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  • Open Access

Extracellular volume MRI increases the detection of myocardial abnormalities beyond late gadolinium enhancement - initial findings

  • 1,
  • 2,
  • 2,
  • 3 and
  • 1
Journal of Cardiovascular Magnetic Resonance201214 (Suppl 1) :P291

https://doi.org/10.1186/1532-429X-14-S1-P291

  • Published:

Keywords

  • Late Gadolinium Enhancement
  • Hypertrophic Cardiomyopathy
  • Focal Lesion
  • Extracellular Volume
  • Late Gadolinium Enhancement Image

Background

Late gadolinium enhancement (LGE) is excellent for identifying focal lesions in the myocardium (necrosis, fibrosis), but diffuse homogeneous abnormalities are not readily detectable. Quantitative measurement of the myocardial extracellular volume (ECV) fraction using MRI has recently been validated histologically, and implemented for parametric imaging in patients. We hypothesized that quantification of ECV using ECV imaging could detect focal lesions detected by LGE, and diffuse homogenous disturbances in the myocardial extracellular volume fraction which are not detectable by LGE. The objective of the study was to examine the diagnostic utility of ECV MRI for detecting myocardial tissue abnormalities compared to LGE.

Methods

Consecutive patients referred for clinical cardiac MRI evaluation of known or suspected heart disease were prospectively enrolled (n=32, mean age 51 years, range 13-73, 63% male). MRI was undertaken at 1.5T using a Modified Look-Locker Inversion recovery (MOLLI) sequence before and 15 minutes after an intravenous bolus of a gadolinium-based extracellular contrast agent (gadoteric acid, 0.2 mmol/kg). Maps of the extracellular volume fraction (ECV images) were generated using MOLLI-derived T1-mapping before and after contrast, calibrated to hematocrit from a venous blood sample. Motion correction and co-registration was performed offline using an automated dedicated algorithm. ECV images were interpreted quantitatively and the results were compared to clinical assessment of LGE images. Increased myocardial ECV was determined by quantitative comparison to established normal values where the 95% confidence limits are 20-32%.

Results

Out of 32 patients, 10 had focal lesions (myocardial infarction, n=6, lesion ECV range 38-72%, or non-ischemic lesions, n=4, lesion ECV range 38-74%). All lesions identified by increased ECV were also identified by blinded clinical read of LGE images (100% agreement). Among patients with normal LGE findings (n=22), two patients (9%) had diffusely increased myocardial ECV (dilated cardiomyopathy, mean ECV 40%, and hypertrophic cardiomyopathy, mean ECV 40%). The figure shows examples of LGE and ECV images in a normal finding, a focal lesion and a case with diffusely increased ECV.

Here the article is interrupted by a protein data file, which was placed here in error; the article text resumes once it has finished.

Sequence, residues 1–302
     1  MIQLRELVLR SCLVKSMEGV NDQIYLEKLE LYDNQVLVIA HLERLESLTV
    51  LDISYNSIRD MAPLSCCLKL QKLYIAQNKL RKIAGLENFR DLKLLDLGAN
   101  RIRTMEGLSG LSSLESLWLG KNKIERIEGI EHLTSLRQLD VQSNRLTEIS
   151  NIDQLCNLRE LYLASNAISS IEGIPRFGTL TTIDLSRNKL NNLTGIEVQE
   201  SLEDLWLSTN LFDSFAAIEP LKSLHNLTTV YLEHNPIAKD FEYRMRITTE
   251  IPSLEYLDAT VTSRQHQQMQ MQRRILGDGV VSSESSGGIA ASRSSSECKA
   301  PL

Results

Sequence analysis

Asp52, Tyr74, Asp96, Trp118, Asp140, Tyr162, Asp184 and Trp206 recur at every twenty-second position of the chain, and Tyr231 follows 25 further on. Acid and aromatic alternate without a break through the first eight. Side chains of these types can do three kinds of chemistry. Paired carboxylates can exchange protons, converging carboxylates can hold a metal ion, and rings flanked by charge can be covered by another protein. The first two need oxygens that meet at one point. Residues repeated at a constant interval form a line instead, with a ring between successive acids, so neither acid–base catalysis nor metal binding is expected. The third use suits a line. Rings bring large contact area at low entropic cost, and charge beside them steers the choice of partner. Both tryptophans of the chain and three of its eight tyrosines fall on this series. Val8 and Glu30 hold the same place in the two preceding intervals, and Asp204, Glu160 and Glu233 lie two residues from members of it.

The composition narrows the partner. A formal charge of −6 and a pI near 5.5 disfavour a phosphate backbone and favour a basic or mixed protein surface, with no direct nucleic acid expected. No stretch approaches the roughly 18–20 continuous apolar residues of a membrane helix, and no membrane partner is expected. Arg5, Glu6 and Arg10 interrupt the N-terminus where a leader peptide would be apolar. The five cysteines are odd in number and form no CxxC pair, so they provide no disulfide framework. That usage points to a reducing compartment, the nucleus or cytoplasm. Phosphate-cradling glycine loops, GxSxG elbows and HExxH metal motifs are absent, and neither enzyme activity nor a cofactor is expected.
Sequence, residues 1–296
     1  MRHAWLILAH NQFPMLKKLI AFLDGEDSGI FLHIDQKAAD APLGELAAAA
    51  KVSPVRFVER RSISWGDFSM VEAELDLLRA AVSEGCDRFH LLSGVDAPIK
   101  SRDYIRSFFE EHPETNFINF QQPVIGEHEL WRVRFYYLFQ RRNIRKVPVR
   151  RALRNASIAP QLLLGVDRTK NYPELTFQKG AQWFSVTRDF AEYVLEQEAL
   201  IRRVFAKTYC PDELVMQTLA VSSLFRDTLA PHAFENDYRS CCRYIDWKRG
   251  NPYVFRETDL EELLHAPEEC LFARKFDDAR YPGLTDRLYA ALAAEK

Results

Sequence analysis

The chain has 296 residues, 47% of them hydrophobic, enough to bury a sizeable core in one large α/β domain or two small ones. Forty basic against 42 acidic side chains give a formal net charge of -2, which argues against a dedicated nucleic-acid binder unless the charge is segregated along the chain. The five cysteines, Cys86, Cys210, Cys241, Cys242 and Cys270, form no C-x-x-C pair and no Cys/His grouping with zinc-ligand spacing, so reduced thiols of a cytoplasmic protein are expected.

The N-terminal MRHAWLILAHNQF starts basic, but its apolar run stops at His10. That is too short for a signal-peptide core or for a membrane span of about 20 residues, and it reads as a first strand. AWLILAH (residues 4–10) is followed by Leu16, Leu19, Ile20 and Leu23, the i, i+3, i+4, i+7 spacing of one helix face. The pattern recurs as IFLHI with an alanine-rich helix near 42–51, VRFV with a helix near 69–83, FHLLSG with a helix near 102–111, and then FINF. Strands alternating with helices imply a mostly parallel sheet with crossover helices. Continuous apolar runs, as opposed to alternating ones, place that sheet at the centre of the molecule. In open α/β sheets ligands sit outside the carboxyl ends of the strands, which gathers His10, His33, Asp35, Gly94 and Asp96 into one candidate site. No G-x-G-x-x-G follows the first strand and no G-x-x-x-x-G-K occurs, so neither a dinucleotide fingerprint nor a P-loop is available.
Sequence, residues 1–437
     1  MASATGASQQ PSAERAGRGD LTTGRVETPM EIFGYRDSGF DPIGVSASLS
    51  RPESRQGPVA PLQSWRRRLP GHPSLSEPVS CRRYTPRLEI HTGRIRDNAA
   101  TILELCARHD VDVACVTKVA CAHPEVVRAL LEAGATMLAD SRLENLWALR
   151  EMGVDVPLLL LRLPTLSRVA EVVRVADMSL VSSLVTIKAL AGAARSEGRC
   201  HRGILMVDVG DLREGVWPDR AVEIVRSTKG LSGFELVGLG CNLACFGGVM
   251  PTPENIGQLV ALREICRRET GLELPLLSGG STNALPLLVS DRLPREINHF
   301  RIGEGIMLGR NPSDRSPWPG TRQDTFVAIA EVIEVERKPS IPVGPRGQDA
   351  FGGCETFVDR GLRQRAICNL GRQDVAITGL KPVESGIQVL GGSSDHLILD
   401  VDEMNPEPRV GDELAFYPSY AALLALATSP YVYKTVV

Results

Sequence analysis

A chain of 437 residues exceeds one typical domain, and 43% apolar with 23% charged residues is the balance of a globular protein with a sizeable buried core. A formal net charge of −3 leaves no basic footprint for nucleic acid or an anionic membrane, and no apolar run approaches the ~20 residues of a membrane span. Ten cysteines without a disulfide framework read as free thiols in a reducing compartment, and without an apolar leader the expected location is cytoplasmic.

Figure 1
Figure 1

Late gadolinium enhancement (LGE) images (top row) and extracellular volume (ECV) images (bottom row). Images from three different patients illustrating normal findings (left), a focal lesion following myocardial infarction (center), and a diffuse abnormality due to dilated cardiomyopathy (right). The color bar shows the proportion of tissue comprised of extracellular volume.

Conclusions

Our initial findings suggest that ECV and LGE imaging have excellent diagnostic agreement for identifying focal myocardial findings such as those seen in myocardial infarction and non-ischemic heart disease. The ability of ECV imaging to quantify and detect diffuse abnormalities in myocardial ECV increased the number of diagnostic findings compared to LGE in 9% of cases with otherwise normal LGE. Further studies in larger populations are warranted to explore the diagnostic and prognostic benefits of ECV imaging in assessment of diffuse pathologies of the myocardial extracellular space.

Funding

The study has been funded in part by a grant (PI: Dr. Ugander) from the Swedish Society for Medical Research.

Authors’ Affiliations

(1)
Department of Clinical Physiology, Karolinska Institute, Stockholm, Sweden
(2)
Department of Cardiology, Karolinska Institute, Stockholm, Sweden
(3)
National Heart, Lung and Blood Institute, National Institutes of Health, Bethesda, MD, USA

Copyright

© Lundin et al; licensee BioMed Central Ltd. 2012

This article is published under license to BioMed Central Ltd. This is an open access article distributed under the terms of the Creative Commons Attribution License (http://creativecommons.org/licenses/by/2.0), which permits unrestricted use, distribution, and reproduction in any medium, provided the original work is properly cited.

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